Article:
When we talked about WizKids sending us a bunch of different sets to play with and paint up, we could not imagine the amount we would receive. The company was super gracious to send us several sets, which we’ll show you below as we go over how all of them look and play out.
The sets in question are Nolzur’s Marvelous Miniatures from the Dungeons & Dragons collection, the Deep Cuts collection for regular play, Paizo in general, and for Pathfinder specific. Each of the sets below has its own specific charms and differences which we’ll examine for a moment.
Now, while I do enjoy miniatures and figures, I admit that I am not a painter. In the artistic echelons of life, that was not one of my strong suits. That’s why I asked for the assistance of my longtime friend Tony Henrichsen, who has over two decades of experience in the field. He’s also played D&D just as long, as well as Pathfinder since the game’s inception, so he knows what he’s doing and what to look for in terms of inspiration.
For the fact that we don’t have a lot of time with products during the review period, I sat down with him and chose some specific models to paint up as we looked at the choice of design work and how they can be painted. Every single one of these sets came primed by Acrylicos Vallejo, so it saved us (and you) some time.
We’ll start with everyone’s favorite traps to avoid — mimics. Part of the collections we received was a pile of furniture, which included some kegs. This worked out beautifully, as the two mimics we received was that of a keg as well as the traditional treasure chest. When you look at the designs below, everything has a place for deception. The kegs by themselves look very standard and ordinary, as objects to be placed in the room as an obstacle or to add scenery. But any wise DM or GM will take advantage of this situation if the storyline suits it and place a mimic in the room to take shape and make the players’ lives miserable.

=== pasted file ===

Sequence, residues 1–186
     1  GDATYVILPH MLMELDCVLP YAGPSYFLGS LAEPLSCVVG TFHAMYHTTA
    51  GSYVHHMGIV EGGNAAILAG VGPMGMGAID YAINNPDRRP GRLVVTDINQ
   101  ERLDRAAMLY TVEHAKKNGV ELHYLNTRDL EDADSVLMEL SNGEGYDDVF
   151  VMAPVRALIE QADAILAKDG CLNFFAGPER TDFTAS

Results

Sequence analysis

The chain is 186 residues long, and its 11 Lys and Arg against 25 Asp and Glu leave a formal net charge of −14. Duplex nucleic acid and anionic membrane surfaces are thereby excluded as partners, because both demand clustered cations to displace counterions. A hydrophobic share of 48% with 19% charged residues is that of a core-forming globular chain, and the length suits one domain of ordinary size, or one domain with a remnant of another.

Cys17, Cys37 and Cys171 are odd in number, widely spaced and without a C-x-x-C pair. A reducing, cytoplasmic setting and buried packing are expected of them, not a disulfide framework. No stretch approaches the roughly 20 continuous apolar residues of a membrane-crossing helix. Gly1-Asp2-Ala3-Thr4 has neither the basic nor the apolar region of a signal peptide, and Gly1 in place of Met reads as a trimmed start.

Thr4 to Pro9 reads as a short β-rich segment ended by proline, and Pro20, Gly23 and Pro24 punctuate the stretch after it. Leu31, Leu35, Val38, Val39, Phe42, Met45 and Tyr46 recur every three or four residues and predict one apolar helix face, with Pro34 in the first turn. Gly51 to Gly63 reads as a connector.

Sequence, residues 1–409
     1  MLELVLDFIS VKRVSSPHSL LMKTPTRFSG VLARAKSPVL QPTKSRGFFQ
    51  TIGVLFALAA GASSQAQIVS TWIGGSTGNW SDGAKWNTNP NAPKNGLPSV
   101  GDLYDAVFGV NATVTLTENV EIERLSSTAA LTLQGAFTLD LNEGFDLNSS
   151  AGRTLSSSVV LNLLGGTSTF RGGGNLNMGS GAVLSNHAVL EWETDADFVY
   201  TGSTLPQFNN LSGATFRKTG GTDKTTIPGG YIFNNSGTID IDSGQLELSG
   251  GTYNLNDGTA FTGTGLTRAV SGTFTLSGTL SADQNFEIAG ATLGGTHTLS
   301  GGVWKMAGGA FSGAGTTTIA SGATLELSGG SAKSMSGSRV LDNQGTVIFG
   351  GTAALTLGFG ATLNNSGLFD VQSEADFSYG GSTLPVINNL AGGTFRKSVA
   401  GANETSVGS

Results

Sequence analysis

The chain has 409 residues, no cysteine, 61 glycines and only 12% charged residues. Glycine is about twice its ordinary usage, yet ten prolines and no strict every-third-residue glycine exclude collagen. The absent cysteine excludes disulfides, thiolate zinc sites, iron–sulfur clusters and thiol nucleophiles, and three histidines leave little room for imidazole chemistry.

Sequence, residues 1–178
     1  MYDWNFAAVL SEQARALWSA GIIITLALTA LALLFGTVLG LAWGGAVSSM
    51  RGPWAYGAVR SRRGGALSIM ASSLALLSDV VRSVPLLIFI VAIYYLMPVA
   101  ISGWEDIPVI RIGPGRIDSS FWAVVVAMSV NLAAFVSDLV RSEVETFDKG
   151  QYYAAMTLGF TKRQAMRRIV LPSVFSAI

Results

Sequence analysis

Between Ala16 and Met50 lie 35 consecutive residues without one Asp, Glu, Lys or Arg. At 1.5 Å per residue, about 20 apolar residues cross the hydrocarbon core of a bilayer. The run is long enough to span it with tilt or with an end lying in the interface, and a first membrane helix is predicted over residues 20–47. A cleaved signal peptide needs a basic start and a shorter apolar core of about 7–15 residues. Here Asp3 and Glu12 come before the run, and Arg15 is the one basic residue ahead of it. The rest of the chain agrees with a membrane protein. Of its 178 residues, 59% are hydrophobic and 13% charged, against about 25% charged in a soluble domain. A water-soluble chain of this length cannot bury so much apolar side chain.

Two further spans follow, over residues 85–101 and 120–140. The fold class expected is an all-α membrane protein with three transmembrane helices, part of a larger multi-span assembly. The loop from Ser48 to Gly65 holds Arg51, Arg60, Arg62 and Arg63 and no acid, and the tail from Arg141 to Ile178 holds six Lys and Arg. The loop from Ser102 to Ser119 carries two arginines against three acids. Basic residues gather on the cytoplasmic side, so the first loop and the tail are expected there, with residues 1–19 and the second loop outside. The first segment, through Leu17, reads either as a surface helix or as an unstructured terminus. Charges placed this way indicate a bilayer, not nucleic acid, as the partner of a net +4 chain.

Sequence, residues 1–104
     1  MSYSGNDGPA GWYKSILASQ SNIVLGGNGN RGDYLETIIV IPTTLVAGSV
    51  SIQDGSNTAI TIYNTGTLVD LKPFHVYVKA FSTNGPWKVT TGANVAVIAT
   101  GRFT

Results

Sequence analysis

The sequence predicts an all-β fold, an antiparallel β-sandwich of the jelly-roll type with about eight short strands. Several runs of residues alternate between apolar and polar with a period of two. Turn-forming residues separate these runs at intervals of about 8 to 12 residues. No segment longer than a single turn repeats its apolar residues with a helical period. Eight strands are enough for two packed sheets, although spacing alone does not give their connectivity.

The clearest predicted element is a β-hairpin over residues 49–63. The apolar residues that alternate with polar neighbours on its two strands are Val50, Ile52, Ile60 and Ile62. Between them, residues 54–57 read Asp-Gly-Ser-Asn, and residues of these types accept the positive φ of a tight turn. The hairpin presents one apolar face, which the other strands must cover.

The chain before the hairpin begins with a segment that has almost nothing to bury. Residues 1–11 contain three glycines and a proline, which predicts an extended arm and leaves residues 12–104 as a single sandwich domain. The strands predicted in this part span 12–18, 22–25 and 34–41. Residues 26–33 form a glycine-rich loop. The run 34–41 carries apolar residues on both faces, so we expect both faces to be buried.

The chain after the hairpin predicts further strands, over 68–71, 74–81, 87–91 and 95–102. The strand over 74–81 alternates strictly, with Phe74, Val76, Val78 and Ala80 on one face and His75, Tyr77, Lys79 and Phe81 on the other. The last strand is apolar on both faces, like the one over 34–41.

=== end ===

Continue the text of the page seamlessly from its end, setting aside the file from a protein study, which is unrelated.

As you can see from the color choices he made below, he decided to make the kegs look like they were put together by different people, or perhaps designed in a way to let you know what kinds of ale or brews were inside each one. When he tackled the mimics, he made them more monstrous than you should expect to see in battle. When you get a mimic, you usually think of the open mouth with the purple tongue, while the eyes and other features don’t come off right away in your mind. Here, by taking advantage of the bumps to represent the eyes, you’re able to add in a depth of fear and hunger on the part of the creature. These are magnificent designs that you can have a lot of fun with, depending on how menacing you wish them to be.
Moving into something from the Paizo sets from WizKids, we decided to mess with the clear Hell Hounds that came with this collection. Much like how you’ll see on a couple figures below, these are made from clearer plastic to give it more of an ethereal touch. Like casting a spell from your hand or having a gem on a staff, it’s not meant to appear as a purely physical object, but something entirely different on the same physical realm. I personally loved these designs, as the shine off of them makes them feel much more arcane.